However, Gloria was still interested in working, at least for a few years until she and Howie had children. As she anticipated her move to Toronto, where Howie lived, Gloria took some action to try and secure a job. As she explains:
I wrote to Mrs. Campion to see if she knew of any secretarial jobs available in the Toronto area and luckily she was in need of a secretary, so I went to work for her[iii] …I just thought, ‘wow, I’ll still be working for the church,’ and since I planned to continue to work for 3 or 5 years or so after we got married I was pretty happy about that.[iv]
By the time the Committee on the Deaconess Order next met in the fall, they noted their congratulations “that the office secretary, Gloria Kilpatrick, became Mrs. Howard Nettle. Mrs. Nettle will continue to serve as office secretary.”[v]
Gloria was not aware though that exemptions to the disjoining rule were being granted in 1957, for exactly the kind of situation she was in, where married Deaconesses were continuing to work for the church. Precedence abounded for the position of secretary in the Order’s office qualifying as acceptable church work for the retention of Deaconess Status. Many Deaconesses held such administrative positions, not only in congregations, just as Gloria had done at St. Paul’s, but in other church agencies such as the Woman’s Missionary Society. But few people were even aware that the exemptions were being given. Tena Campion knew however. Gloria says:
It would never have entered my mind to ask if I could be Mrs. Campion’s secretary [as a deaconess appointment], and she never suggested it to me. I don’t recall discussing the issue of disjoining with her. … she seemed very disappointed when I [later] resigned from working for her.[vi]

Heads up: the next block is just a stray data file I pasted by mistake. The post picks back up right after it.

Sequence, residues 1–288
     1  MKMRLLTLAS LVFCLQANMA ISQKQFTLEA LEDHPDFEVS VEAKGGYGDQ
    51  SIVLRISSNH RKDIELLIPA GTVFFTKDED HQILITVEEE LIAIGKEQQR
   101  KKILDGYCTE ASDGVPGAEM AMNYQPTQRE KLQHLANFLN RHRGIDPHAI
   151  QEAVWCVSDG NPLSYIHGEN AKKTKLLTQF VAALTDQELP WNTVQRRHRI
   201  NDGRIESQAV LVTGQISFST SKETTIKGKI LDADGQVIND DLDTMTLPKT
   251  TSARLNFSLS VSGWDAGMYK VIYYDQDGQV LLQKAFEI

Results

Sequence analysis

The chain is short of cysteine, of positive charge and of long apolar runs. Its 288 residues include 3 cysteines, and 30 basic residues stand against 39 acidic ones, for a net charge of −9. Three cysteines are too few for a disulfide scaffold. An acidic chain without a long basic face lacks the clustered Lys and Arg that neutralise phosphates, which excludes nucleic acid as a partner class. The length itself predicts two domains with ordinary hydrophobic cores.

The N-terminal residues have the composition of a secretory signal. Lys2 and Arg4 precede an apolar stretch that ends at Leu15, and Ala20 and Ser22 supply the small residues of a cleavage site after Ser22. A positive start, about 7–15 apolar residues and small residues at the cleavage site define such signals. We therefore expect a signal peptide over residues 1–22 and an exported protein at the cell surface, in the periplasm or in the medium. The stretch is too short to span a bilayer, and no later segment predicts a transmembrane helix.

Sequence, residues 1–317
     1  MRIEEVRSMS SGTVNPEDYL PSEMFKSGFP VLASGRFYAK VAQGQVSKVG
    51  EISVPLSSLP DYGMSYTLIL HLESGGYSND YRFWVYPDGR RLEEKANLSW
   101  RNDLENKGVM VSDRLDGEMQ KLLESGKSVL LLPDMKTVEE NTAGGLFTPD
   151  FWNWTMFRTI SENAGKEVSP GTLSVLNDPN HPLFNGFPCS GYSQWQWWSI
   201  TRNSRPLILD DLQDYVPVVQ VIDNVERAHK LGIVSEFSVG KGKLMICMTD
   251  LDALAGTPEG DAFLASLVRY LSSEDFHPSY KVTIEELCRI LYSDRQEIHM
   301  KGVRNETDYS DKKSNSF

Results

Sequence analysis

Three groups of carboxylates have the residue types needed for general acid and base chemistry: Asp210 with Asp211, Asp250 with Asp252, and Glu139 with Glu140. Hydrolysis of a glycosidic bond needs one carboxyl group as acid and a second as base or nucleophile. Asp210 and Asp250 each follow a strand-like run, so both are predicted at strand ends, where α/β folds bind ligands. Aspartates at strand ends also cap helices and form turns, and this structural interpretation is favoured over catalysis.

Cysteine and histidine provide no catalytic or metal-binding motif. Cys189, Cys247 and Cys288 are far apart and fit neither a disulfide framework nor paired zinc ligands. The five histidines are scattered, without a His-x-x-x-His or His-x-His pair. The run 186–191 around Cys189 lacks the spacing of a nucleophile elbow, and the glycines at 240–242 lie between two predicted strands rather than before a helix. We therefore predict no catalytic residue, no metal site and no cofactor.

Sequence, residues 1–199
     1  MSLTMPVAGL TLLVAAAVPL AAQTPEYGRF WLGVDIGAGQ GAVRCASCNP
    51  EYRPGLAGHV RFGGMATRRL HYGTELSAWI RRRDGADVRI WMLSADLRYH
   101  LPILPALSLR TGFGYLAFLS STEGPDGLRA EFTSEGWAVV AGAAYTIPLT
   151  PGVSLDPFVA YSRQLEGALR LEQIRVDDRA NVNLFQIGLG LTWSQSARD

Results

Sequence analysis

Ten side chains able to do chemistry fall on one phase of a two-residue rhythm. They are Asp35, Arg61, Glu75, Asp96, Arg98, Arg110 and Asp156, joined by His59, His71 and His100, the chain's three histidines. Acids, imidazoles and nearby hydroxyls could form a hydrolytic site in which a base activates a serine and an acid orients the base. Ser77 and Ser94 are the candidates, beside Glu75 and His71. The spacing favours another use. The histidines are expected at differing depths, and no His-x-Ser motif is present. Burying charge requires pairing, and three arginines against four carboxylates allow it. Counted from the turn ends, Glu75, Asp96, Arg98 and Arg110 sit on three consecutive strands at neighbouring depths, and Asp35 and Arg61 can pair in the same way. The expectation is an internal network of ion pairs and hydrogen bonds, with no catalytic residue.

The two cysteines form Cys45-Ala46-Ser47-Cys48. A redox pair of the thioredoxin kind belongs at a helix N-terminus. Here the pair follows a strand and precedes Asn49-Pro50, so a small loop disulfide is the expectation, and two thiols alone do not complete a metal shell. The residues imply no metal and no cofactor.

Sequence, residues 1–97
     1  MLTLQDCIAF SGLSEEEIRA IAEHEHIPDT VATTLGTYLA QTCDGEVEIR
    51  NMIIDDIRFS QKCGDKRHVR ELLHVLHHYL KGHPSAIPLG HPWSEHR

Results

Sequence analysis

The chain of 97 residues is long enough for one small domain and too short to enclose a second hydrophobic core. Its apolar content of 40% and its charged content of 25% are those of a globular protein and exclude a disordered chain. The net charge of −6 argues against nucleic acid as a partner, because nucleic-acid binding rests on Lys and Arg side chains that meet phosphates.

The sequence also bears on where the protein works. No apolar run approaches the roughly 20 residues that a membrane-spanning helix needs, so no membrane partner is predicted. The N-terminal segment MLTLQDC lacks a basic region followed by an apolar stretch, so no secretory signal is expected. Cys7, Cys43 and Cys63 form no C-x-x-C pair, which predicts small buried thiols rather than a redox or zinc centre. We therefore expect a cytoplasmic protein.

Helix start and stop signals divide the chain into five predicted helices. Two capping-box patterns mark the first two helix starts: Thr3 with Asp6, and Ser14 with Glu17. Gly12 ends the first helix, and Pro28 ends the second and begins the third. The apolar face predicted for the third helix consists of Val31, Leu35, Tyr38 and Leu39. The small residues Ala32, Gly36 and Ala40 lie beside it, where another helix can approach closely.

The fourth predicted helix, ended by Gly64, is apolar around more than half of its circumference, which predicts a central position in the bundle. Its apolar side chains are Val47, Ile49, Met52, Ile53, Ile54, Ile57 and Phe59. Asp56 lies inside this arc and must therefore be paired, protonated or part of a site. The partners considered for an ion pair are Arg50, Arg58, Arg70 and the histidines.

This story demonstrates that the church’s policy of disjoining married Deaconesses was not only about protecting the view that a woman’s primary vocation was that of wife and mother. Clearly, the church was willing to employee married women; Tena Campion, a lay woman who was married, was the full time Executive Secretary for the Order for over two decades. One wants to ask why Tena Campion didn’t invite Gloria into the position as a Deaconess. Despite Mrs. Campion’s long service, and the large number of women who knew her, few can say much about her perspective. As Gloria says, she “was a very private person, not someone you easily could get to know, although she was very kind to me.”[vii] In the documents from the period leading up to the removal of the rule, it is Jean Hutchinson and Harriet Christie, both on the staff of the United Church Training School, who advocate openly for the modernization of the Order’s rules and call for the just treatment of women. Tena’s perspective is not clear. Gloria’s story illustrates just one of the many ways the Deaconesses were poorly treated, not just by those in the church power structures who were at a distance, but even by the very groups and individuals who might have been expected to keep the women informed of their rights and opportunities. There is no evidence throughout the 1950s in the newsletters in which Tena communicated to the Deaconesses that she kept them informed about the discussions at the Committee level and at the General Council about likely changes to the disjoining rule. Even after the rule was revoked in 1960, there is no formal communication to the women, at least in the archival record. The fact that many women recount stories of being disjoined for marriage for several years after the end of the rule lends support to the evidence that they were kept in the dark.